HSBC is planning to lay off at least 22,000 employees in an effort to cut costs by as much as $5 billion over the next two years, the European banking giant reportedly announced Tuesday. As part of its cost-cutting measures, and to adapt to “structural changes in the operating environment,” the bank will also sell its businesses in Brazil and Turkey.

According to Reuters, an additional 22,000 to 25,000 jobs would be lost as a result of consolidation of IT and back-office operations, and shuttering of the bank's branches globally. This could bring the total number of staff reductions to nearly 50,000. The bank employs 266,000 people worldwide.

“We recognise that the world has changed and we need to change with it,” HSBC, which is Europe’s largest bank, said, in a statement released Tuesday. The bank also said that it will aim for a return on equity of more than 10 percent by 2017, down from a previous target of 12 percent to 15 percent by 2016.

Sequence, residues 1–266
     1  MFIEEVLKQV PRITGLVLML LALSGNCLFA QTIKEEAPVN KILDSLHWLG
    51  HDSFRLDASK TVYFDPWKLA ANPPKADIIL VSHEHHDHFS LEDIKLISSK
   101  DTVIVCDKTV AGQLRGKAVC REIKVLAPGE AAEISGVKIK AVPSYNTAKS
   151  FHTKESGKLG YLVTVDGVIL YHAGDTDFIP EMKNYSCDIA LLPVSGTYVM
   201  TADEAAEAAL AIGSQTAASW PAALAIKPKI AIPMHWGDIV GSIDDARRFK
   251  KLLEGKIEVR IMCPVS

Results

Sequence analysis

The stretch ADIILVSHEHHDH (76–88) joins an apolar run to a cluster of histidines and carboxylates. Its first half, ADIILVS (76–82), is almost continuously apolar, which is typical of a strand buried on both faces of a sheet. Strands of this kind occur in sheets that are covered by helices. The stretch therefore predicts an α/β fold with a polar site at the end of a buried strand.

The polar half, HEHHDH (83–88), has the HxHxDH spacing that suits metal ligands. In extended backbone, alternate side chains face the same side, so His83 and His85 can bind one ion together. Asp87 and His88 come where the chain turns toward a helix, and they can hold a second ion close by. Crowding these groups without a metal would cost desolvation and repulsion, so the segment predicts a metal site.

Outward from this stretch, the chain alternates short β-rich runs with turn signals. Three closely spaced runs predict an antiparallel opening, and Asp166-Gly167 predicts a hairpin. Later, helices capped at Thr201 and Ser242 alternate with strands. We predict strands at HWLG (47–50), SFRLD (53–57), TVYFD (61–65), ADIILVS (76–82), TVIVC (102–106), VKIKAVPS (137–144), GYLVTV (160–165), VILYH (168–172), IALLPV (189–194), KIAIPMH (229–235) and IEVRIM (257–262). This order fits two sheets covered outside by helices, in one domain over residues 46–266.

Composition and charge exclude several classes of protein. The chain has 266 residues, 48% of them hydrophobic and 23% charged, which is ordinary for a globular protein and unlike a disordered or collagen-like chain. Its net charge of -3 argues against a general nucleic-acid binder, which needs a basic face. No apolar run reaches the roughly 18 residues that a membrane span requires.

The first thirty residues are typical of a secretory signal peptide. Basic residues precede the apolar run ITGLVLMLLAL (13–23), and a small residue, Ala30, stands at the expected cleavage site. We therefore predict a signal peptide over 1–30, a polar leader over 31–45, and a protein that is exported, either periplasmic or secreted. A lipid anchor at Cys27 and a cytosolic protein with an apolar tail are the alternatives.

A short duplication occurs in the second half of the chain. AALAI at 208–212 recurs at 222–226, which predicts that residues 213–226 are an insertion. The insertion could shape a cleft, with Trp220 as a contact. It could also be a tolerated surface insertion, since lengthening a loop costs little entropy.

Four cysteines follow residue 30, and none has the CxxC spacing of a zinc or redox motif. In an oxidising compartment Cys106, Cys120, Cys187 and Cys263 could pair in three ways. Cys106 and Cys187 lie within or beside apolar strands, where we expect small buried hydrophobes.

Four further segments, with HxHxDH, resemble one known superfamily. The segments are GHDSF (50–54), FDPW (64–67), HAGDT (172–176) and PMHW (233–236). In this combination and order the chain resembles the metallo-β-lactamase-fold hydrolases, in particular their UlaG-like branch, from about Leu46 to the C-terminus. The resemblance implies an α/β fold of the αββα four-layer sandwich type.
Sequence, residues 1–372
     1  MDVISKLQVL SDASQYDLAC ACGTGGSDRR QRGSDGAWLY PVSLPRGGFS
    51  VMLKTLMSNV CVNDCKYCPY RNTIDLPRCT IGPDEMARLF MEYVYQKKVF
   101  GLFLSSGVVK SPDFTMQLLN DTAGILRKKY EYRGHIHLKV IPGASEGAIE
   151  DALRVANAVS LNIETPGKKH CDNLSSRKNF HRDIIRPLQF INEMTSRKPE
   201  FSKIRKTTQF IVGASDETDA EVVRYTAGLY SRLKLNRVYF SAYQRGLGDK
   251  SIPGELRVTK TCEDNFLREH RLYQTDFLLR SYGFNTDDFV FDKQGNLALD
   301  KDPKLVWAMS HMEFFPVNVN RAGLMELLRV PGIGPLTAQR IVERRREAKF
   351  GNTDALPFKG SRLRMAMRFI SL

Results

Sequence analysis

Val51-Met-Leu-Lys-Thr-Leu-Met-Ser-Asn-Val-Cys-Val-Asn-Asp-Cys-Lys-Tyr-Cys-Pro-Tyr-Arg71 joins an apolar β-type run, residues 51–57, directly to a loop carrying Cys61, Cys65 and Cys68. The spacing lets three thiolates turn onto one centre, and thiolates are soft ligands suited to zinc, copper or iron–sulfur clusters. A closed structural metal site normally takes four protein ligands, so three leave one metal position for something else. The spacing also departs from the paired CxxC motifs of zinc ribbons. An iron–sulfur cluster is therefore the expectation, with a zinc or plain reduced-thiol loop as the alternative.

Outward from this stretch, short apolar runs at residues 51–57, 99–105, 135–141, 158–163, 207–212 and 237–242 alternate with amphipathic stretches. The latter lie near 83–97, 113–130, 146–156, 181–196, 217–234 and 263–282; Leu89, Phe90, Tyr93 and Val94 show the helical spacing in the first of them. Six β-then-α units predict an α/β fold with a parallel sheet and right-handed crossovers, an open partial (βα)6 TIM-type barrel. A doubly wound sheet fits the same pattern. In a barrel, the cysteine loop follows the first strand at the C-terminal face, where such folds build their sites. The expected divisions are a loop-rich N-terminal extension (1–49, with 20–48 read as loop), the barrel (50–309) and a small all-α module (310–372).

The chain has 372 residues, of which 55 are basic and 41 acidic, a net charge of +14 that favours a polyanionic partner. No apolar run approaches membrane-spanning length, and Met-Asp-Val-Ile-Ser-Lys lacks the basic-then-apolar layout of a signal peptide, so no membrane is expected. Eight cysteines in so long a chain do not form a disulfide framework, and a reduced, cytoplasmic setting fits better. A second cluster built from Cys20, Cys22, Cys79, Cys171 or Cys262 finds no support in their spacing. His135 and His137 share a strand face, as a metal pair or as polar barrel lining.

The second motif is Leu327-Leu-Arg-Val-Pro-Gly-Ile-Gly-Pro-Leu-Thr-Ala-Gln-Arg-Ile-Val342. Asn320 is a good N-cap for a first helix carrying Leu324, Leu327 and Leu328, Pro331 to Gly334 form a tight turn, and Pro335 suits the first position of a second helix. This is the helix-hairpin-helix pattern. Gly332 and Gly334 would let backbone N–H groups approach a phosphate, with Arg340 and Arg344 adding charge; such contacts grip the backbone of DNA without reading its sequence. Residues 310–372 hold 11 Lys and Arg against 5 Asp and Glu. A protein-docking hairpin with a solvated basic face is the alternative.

This is the second time in four years that HSBC has attempted to shrink its global workforce. Between 2011 and 2013, the bank reportedly cut over 40,000 jobs under the leadership of CEO Stuart Gulliver, to reduce annual expenses and revive profitability. 

In addition to the latest job cuts, the bank also announced measures to shrink its risk-weighted assets by about $290 billion and to accelerate its investments in Asia, including in “both the Pearl River Delta in Guangdong province, China, and in the Asean region.”

HSBC also confirmed that it was currently reviewing whether to move its headquarters out of the U.K. -- a process that would be completed by the end of 2015.

“Overall, the statement is what we expected: an opportunity missed to restore investor confidence. HSBC may be shrinking slowly but it remains one of the world's most complex banks,” Jim Antos, an analyst at Mizuho Securities Asia Ltd. in Hong Kong, told Reuters.

HSBC’s shares on the Hong Kong stock exchange were trading up 0.75 percent, losing ground after being up 1.2 percent following the announcement.